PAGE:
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Restaurant Review - Zizzi's

Restaurant Review - Zizzi's

Tuesday 31 May 2016

Is the ultimate power trip for a Maitre d’ in denying you the table you desire? Over the years, I’ve been put by the toilet or kitchen door many times with the ensuing traffic of ‘urgent’ diners or frazzled wait persons. As for the prized window seat – “you’d have to book that three months in advance”, I was told smugly in one place. However, what really drives me crazy is when, with other tables available, they plonk you right beside other diners, ensuring nobody can have a private conversation.

And so it was as we arrived 
into Zizzi’s at Dundrum Town Centre, the latest UK pasta pizza restaurant chain to hit our shores. With 143 branches, Zizzi’s is owned by the Azzurri Group, who also own the Coco di Mama and ASK Italian chains. It had only just opened and we were in for ‘Linner’ because, having spent ages trying to get through on the phone, we could only get a table at 5.15pm. The place was jointed, but a corner table at the end of the banquette, to the right of the wide open kitchen, two empty tables away from the next diners, looked good. However, he who was seating us tried gamely to put us shoulder to shoulder with the other diners. “I normally stand there”, he said, indicating the space in front of the requested table. “So, do you not ‘let’ that table all night?”, I finally asked. He relented.

Formerly a Mexican eatery,
on a strip of casual eateries including Nando’s, The Counter, and Jamie’s Italian, which would be its biggest rival, the decor is cool urban rustic, dominated by a striking wall mural of birds and leaves by artist, Fuchsia Macaree, overlooking two cage-like section breakers. A people-pleaser menu, with prices ranging broadly from €5.95 – €17.95, had all the stalwarts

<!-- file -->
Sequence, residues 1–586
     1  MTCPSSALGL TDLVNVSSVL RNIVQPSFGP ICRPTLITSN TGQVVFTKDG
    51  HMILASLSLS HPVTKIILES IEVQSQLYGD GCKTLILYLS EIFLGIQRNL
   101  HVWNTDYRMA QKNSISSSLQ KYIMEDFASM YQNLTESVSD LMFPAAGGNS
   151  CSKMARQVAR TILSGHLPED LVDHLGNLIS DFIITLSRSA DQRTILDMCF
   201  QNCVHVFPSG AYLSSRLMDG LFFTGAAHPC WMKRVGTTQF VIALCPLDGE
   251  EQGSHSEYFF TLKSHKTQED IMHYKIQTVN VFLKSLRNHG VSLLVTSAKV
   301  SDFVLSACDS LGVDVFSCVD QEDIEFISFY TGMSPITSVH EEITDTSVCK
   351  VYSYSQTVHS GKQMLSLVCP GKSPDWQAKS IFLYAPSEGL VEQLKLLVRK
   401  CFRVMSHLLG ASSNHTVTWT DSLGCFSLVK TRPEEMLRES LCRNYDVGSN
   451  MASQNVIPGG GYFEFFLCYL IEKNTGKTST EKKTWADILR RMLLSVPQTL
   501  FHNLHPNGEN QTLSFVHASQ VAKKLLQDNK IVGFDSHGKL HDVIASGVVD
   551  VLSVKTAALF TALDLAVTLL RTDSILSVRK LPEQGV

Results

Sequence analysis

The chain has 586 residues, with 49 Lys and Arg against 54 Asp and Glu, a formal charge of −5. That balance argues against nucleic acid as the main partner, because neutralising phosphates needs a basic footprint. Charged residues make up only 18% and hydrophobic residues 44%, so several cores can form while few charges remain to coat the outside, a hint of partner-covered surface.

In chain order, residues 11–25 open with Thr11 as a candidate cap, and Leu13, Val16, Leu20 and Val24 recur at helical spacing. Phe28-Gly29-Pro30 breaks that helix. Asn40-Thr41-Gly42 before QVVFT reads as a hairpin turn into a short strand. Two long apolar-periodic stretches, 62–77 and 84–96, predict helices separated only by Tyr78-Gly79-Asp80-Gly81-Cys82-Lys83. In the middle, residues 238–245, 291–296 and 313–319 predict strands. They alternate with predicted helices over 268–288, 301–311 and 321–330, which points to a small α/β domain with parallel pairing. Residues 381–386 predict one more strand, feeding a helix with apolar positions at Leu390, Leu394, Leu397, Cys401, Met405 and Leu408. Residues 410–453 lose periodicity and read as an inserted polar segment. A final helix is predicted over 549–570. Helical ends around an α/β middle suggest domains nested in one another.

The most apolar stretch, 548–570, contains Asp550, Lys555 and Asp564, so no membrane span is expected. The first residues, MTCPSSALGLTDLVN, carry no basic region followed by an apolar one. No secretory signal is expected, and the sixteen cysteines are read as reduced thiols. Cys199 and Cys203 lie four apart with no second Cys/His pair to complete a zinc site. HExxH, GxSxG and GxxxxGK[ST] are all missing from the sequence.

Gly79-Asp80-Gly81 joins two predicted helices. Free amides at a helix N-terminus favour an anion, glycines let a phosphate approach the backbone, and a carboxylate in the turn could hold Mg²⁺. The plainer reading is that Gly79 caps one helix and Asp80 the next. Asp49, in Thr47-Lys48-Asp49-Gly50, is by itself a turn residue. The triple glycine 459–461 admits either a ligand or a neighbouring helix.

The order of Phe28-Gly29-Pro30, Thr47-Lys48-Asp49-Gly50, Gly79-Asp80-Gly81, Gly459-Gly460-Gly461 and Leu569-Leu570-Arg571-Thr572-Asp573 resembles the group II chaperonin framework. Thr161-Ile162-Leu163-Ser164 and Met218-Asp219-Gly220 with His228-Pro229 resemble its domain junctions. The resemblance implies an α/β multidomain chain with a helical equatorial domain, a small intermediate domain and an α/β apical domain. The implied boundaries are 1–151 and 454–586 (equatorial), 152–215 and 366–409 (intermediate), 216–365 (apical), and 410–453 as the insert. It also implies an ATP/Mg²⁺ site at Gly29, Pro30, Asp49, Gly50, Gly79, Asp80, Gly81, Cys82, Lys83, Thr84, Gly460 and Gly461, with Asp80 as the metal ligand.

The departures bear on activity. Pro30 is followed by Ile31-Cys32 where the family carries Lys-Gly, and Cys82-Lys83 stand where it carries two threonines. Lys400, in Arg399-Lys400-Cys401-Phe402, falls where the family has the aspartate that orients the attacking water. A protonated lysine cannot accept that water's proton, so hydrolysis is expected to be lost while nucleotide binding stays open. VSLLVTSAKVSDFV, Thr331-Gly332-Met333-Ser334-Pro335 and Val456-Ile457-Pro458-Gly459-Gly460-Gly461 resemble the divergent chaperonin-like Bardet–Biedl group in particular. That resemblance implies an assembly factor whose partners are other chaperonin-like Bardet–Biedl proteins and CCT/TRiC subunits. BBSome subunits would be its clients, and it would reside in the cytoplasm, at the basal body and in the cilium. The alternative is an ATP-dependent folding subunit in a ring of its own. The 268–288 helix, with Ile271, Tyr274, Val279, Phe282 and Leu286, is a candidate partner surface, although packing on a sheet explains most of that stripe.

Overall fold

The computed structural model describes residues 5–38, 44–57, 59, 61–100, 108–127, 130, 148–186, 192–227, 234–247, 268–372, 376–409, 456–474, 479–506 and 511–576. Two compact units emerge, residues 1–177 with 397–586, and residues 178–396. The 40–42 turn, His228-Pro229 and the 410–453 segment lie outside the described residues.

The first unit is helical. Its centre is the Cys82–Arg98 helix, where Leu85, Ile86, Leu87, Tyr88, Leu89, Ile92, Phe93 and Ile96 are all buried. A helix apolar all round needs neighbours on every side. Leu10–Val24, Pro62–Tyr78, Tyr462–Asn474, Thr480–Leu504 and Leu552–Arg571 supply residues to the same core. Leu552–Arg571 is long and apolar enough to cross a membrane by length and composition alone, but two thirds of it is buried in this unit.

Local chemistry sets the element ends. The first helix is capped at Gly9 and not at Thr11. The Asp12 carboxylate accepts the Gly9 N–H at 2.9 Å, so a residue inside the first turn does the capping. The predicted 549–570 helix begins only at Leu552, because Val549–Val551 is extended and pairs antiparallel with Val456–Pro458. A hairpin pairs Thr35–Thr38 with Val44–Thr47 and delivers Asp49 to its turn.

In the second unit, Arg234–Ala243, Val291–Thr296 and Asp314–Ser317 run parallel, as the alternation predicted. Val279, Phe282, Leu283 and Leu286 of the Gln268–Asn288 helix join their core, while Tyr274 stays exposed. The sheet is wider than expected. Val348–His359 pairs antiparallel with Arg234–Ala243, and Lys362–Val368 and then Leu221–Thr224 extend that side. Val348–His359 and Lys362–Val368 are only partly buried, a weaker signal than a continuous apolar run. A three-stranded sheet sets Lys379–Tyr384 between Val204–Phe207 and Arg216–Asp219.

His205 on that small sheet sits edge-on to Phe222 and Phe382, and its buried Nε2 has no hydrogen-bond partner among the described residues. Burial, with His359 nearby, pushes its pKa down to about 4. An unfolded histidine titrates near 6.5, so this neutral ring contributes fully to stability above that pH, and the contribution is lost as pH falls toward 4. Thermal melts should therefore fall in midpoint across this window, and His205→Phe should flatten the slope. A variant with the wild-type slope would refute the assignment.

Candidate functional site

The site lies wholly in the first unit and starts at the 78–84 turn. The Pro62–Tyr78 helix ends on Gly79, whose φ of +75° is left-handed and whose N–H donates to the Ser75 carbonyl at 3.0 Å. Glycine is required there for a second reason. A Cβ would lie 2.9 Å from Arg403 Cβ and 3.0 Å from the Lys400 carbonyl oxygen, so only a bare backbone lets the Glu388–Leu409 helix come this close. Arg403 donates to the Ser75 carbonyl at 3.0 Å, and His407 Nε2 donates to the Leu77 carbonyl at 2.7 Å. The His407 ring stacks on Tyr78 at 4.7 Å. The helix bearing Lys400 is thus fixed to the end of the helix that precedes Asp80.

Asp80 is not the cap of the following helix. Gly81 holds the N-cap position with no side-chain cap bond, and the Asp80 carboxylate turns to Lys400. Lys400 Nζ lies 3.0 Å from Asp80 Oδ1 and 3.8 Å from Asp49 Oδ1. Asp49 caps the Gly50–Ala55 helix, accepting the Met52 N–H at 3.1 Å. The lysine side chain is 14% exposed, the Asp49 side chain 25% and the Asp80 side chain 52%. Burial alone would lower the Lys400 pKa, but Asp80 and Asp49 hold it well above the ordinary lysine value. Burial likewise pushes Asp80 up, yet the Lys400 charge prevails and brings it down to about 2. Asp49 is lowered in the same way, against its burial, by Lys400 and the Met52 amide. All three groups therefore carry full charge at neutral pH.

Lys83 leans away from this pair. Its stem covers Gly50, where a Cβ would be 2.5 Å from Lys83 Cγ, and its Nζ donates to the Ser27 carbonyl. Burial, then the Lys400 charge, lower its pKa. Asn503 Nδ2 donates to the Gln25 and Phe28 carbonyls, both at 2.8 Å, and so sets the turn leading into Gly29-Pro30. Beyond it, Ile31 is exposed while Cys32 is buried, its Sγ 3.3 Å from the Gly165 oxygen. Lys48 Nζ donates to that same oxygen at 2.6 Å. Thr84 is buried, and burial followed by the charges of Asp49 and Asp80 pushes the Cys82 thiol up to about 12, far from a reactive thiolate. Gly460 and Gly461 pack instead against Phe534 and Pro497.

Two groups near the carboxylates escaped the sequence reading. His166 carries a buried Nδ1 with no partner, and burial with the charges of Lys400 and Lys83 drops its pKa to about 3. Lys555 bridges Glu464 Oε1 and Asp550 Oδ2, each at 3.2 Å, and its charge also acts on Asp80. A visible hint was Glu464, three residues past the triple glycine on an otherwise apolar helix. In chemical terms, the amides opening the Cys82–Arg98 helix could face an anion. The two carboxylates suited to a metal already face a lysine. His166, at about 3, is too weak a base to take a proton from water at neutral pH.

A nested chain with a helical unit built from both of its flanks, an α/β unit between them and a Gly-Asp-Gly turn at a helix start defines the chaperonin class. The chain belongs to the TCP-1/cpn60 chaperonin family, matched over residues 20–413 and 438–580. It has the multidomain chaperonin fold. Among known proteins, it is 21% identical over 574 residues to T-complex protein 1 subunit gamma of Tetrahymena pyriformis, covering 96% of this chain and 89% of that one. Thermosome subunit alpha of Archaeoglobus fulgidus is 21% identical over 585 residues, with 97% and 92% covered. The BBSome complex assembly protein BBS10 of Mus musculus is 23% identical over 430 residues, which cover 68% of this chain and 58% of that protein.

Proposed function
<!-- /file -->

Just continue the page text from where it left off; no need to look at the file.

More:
– calamari, arancini, risotto, pasta, antipasti boards, pizzas – classic, rustica, skinny, a brace of skewered dishes, plus short ribs or chicken wrapped in prosciutto.
A quintet of butterflied king prawns (€9.75), pan fried in smoky capia pepper with garlic butter and white wine, were on watercress with two ‘Little Soul’ soft doughy bread balls.
The dish looked dry and dark
but the prawns were tasty. The Zizzi Antipasti (€8.50) proffered prosciutto, speck, coppa, finocchina (which they were out of), buffalo mozzarella, balsamic tomatoes and olives. Served on a long narrow board, two more big bread balls filled half the space, so I wasn’t going to suffer a protein overload with this dish.

Moving on, Paul thoroughly enjoyed his long rectangular rustica pizza picante (€16.25), attractively embellished with blobs of spicy nduja sausage, mozzarella, salami, pepperoni, roquito chillies, mushrooms, rocket and mascarpone. Again, I didn’t fare as well with my Fritto Misto (€17.25), it being far too frittoed! With a little miserable section of lemon and an equally miserable looking little bowl of mayo, it lacked all the airy lightness of what should be the Italian flash-fried favourite of
so many Italophiles. Searching among calamari rings, I found the embers of a couple of prawns that a few sprinkles of chopped chilli weren’t going to revive, but at least I was enjoying a tiny little side order of plain spaghetti – ridiculously priced at (€7.95).
Paul‘s white chocolate cheesecake (€6.75) bore no resemblance to the fulsome menu picture. With all the joy of a fallen souffle, it was dense and claggy.

Our server was delightful and, with a lovely Sicilian Mandrarosa Viognier 2014 (€23.35), bottled water (€5.45) and optional service, our bill came to €105.

Dough makes can sure rise up.


3 Pembroke District,
Dundrum Town Centre,
Dublin 16.

Tel: (01) 296-2962